Other ingredients such as lubricants, color pigments, surfactants, glidants, etc. may be included in one or more of the coating compartments to assist coating operation and/or improve film quality. The selection of such alternative ingredients is within the skill of those in the art. Lubricants may include, but not limited to, calcium stearate, hydrogenated vegetable oils, magnesium stearate, mineral oil, polyethylene glycols, stearic acid, sodium benzoate, sodium lauryl sulfate, leucine, and sodium stearyl fumarate. The percentage of total solids in a preferred selected solvent or solvent mixture may be in the range of about 5% to 50% w/w, and preferably about 8-12% w/w.
All of the coating layers described herein can be applied using conventional film coating technology well known in the pharmaceutical industr. See, for example, Remington's Pharmaceutical Sciences (A. R. Gennaro edit. 1985), Mack Publishing Co, Easton, Pa. For example, film coating may be performed in a perforated coating pan or fluid-bed particle coater. Each coating layer may be applied to either tablet or multiparticular medicinal preparations. Depending on the nature of the selected coating materials, the following solvents, whether used alone or in combination, may be used to prepare coating solution or suspension: water, ethanol, methanol, acetone, isopropyl alcohol, acetic acid, glycerin, and methylene chloride, etc. Examples of coating materials contemplated for use in the present invention is presented in the examples.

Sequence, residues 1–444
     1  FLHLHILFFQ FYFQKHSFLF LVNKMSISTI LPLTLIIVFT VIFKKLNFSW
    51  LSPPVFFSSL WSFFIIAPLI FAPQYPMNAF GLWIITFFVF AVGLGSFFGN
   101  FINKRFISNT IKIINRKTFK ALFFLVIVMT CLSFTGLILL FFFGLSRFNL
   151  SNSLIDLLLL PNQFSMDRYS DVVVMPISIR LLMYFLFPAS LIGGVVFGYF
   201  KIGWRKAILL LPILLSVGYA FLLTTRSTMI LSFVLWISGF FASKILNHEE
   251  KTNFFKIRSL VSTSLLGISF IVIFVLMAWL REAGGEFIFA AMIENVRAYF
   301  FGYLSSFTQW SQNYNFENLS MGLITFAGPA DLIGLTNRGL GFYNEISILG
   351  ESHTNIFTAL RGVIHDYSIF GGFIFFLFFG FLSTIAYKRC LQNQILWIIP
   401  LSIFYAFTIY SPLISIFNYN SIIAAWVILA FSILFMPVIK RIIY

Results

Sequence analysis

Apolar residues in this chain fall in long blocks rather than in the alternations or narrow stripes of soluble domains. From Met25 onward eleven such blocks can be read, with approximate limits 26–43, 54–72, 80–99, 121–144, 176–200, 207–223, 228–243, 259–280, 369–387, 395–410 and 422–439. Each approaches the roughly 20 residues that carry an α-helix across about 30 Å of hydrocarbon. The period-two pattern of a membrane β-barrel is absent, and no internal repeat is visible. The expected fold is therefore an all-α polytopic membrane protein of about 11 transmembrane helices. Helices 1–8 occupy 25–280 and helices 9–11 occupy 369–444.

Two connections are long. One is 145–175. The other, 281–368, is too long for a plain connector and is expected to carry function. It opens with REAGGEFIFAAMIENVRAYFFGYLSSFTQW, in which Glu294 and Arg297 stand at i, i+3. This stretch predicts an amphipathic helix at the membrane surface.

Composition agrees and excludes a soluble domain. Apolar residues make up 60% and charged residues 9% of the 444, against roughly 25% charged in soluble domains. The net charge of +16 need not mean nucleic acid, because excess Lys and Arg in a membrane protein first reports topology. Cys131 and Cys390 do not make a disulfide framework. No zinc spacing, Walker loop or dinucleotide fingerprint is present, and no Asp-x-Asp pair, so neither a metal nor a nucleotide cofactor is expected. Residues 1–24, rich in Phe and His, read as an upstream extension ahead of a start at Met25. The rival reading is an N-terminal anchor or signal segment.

As described above, the conventional sugar-coating process typically involves the use of a traditional non-perforated coating pan. With the presence of proper additives such as auxiliary film formers, anti-tackiness agents, and/or water insoluble fillers as described in the present invention, acceptable sugar film can be achieved using a perforated coating pan or fluid-bed particle coater.
Either a perforated coating pan or a fluid-bed particle coater may be employed to apply coating materials, as described above, to medicinal preparations containing extracts from the plant Valerian. A preferred process for the extraction of Valerian root is described in copending U.S. patent application Ser. No. 09/358,375, filed Jul. 21, 1999, and entitled “Process for the Extraction of Valerian Root” the entire contents of which are incorporated herein by reference. These extracts comprise essential oils, valerenic acids, kessane derivatives, valeranone, valerenal, fatty acids, carbohydrates and certain amino acids, and may, depending on the extraction condictions, include valepotriates (iridoids).